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    @Fattie I doubt they randomly go after numbers, that would be a poor business practice. If they are legit, that number could simply be bogus info a nefarious person used as cosigner info or who knows. If the company is listed as a legitimate business in that state, you may want to engage them, safely of course (certified mail may be best), and resolve it. Commented Mar 17, 2018 at 19:30
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    “then go after the money like their paycheck depends on it“ - it does
    – DonQuiKong
    Commented Mar 17, 2018 at 19:57
  • @Fattie - I honestly don't know. The very nature of debt collection makes them come off as scammy. Commented Mar 17, 2018 at 20:42
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    @Fattie I get debt collection calls on my landline all the time for folks who have the same initials as I do! Debt collection agencies cast a very wide net and robocallers make it very cheap to follow tenuous connections (like similar initials). Despite the fact that JoeTaxpayer found an apparently legit collection agency on the web site, I'd still be VERY suspicious of a scam. There are very strict regulations against debt collectors calling cell phones and I think SMS messages are included in those regulations. Most legit collectors are going to stick to email and landlines. Commented Mar 17, 2018 at 22:59

The scam is to convince the mark to give the scammer something, usually money. The scammer will usually be pretending to be a large company with a lot of customers (such as Verizon) to increase their chance of getting a hit, or pretending to be with an existing collections agency as cover.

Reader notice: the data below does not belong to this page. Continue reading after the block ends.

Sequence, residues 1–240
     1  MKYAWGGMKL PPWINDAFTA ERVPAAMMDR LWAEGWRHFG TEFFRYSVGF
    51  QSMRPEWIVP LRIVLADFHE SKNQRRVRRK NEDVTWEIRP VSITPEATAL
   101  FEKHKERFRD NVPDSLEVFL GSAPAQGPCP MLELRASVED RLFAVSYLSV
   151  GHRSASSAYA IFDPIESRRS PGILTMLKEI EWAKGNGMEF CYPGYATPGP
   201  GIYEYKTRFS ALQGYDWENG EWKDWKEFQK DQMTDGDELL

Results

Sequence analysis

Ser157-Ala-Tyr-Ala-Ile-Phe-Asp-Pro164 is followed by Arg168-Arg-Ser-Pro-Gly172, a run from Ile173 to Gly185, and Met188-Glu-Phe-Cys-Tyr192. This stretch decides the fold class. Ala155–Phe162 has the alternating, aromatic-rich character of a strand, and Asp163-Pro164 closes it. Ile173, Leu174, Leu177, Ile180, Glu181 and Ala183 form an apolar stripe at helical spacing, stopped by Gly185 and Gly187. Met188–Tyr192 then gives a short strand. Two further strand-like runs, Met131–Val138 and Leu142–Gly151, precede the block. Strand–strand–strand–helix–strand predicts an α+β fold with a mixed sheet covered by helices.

Mark calls / chats with the scammer. Scammer asks mark for their name, address, account information, etc to "look up their account" -- this could possibly be used for identity theft later.

Scammer will then tell mark that there is a problem with the account: unpaid bill, overcharge for too much data, etc.

This can go two ways: if the mark buys into the idea that this is a legitimate debt, the scammer can pursue that, and will offer threats: "you can go to jail for not paying this."

If the mark does not buy into the idea that this is a legitimate debt, the scammer will "investigate" and quickly determine that the bill, overcharge, etc is fraudulent or a mistake in the system. They will then claim that it will be taken care of, but in the meantime the mark should send a check, wire transfer, money order, gift cards, etc "until the matter gets sorted out."

In any case, the scammer wins if the mark sends money or other items of value.

Other twists on this are a malicious web site that attempts to install malware on the computer, emailing the mark malware under the guise of "proof of debt", directing the mark to a "payment site" under the scammer's control to harvest account or credit card information, etc.

More information:

8 Ways to Recognize Debt Collection Scams

Scam Alert: Collection Call Con Takes New Twist